Examples of safety-critical systems


  • Circuit breaker
  • Emergency services dispatch systems
  • Electricity generation , transmission and distribution
  • Fire alarm
  • Fire sprinkler
  • Fuse (electrical)
  • Fuse (hydraulic)
  • Telecommunications
  • Burner Control systems

Medicine [9]

The technology can not be avoided, and it can also be used in medical care (which deals with healing patients), and also life support (which is for stabilizing patients).

  • Heart-lung machines
  • Mechanical ventilation systems
  • Infusion pumps and insulin pumps
  • Radiation therapy machines
  • Robotic surgery machines
  • Defibrillator machines
  • Dialysis machines
  • Devices that electronically monitor vital functions (electrography, especially, electrocardiography , ECG or EKG, and electroencephalography , EEG)
  • Medical imaging devices ( X ray , computerized tomography – CT or CAT, different magnetic resonance imaging – MRI – techniques, positron emission tomography – PET)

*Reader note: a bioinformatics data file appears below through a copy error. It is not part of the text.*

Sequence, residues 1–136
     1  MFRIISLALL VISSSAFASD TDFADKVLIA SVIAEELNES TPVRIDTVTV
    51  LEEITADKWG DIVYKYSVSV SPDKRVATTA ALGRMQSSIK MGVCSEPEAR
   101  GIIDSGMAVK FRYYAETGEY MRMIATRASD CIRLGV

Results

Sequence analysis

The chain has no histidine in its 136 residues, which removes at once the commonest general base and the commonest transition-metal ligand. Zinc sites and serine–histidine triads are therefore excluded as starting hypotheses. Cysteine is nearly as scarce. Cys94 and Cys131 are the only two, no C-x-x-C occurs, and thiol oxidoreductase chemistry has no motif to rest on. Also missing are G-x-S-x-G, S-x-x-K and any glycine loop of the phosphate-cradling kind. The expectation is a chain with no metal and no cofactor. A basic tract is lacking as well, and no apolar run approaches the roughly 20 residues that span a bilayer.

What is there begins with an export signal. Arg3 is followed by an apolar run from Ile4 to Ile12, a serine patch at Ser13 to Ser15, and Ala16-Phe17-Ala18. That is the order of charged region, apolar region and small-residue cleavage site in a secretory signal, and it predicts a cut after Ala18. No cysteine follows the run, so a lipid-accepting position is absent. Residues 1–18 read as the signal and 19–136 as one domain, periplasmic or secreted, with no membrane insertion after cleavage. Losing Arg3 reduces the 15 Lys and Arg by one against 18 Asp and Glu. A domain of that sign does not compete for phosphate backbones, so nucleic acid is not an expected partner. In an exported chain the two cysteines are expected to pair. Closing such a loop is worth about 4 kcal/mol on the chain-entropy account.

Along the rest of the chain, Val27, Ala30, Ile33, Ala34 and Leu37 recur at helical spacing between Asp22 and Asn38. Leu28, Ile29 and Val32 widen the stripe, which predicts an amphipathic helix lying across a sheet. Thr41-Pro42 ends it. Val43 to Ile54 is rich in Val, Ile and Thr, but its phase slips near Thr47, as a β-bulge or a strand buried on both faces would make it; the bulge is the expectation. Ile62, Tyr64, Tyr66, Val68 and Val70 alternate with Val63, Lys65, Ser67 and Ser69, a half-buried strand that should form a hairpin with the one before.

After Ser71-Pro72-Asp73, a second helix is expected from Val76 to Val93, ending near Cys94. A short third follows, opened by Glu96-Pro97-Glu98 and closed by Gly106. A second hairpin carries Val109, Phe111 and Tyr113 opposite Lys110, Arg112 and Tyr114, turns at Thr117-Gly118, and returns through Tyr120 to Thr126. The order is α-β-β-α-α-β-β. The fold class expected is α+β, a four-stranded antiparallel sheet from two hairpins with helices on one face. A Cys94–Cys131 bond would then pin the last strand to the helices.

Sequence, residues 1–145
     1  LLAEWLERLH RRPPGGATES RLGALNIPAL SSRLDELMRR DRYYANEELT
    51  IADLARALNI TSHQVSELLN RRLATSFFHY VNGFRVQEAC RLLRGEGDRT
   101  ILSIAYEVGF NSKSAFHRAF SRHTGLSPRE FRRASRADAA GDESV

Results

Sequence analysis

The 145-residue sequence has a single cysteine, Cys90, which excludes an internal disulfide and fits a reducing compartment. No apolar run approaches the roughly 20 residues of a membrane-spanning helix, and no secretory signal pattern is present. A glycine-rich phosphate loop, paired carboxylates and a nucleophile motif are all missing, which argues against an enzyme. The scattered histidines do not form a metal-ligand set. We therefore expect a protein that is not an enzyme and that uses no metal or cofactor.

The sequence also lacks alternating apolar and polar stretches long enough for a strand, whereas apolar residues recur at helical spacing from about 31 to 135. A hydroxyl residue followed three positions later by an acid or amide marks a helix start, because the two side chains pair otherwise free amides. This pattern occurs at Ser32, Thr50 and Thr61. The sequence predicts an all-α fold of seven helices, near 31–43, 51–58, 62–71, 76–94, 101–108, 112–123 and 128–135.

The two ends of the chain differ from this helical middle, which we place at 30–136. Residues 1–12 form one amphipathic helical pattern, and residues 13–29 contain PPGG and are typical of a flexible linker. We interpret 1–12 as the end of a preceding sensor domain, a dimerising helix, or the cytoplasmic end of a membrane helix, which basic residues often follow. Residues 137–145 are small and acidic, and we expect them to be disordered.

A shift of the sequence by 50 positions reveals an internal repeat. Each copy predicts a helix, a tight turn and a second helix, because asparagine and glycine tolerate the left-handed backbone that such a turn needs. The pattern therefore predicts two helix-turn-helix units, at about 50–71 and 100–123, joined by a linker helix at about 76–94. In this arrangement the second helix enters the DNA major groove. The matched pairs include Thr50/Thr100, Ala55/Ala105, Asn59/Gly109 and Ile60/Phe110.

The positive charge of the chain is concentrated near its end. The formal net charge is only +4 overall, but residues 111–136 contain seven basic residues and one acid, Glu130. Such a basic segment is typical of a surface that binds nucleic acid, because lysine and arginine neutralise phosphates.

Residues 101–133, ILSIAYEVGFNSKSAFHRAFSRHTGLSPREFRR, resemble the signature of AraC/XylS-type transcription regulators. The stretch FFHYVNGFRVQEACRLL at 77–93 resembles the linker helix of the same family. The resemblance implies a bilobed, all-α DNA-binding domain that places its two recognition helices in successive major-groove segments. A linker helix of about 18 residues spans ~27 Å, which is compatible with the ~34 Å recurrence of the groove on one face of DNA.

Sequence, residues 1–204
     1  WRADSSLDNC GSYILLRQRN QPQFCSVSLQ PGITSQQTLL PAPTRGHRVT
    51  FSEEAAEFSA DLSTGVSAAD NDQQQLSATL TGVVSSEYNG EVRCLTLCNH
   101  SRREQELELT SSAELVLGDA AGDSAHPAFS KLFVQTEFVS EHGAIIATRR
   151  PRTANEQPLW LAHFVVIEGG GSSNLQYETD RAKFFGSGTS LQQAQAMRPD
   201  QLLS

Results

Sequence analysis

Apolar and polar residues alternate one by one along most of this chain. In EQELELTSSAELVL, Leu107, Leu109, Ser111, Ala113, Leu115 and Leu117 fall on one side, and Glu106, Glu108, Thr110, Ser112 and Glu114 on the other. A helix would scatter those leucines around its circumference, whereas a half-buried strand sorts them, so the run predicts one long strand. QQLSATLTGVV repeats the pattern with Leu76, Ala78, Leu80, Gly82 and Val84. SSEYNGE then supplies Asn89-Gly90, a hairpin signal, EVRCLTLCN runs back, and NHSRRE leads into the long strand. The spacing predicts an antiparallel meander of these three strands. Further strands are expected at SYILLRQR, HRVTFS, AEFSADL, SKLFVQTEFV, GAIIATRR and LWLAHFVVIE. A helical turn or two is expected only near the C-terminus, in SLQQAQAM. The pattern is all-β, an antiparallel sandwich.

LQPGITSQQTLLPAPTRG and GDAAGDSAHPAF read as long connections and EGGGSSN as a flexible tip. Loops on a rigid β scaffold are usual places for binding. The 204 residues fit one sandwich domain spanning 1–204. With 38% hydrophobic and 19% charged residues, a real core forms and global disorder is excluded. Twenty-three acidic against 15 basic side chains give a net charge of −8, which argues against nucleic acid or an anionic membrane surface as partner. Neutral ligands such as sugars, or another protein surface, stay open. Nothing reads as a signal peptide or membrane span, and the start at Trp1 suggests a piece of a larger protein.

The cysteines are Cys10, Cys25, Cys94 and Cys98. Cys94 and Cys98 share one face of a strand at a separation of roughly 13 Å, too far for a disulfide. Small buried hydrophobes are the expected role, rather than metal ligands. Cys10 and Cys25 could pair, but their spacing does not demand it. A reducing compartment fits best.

• Even healthcare information systems have significant safety implications [10]

Nuclear engineering [11]

  • Nuclear reactor control systems


  • Fun wrinkles
  • Climbing equipment
  • parachutes
  • SCUBA Equipment


Railway [12]

  • Railway signaling and control systems
  • Platform detection to control train doors [13]
  • Automatic train stop [13]

Automotive [14]

  • Airbag systems
  • Braking systems
  • Seat belts
  • Power Steering systems
  • Advanced driver-assistance systems
  • Electronic throttle control
  • Battery management system for hybrid and electric vehicles
  • Electric park brake
  • Shift by wire systems
  • Drive by wire systems
  • Park by wire

Aviation [15]

  • Air traffic control systems
  • Avionics , particularly fly-by-wire systems
  • RAIM Radio Navigation
  • Engine control systems
  • Aircrew life support systems
  • Flight planning to determine fuel requirements

Spaceflight [16]

  • Human spaceflight vehicles
  • Rocket range launch safety systems
  • Launch vehicle safety
  • Crew rescue systems
  • Crew transfer systems

See also

  • Safety-related system
  • Safety-Critical Systems Club
  • Mission critical
  • Reliability theory
  • Reliable system design
  • Redundancy (engineering)
  • Factor of safety
  • Nuclear reactor
  • Biomedical engineering
  • SAPHIRE (risk analysis software)
  • Formal methods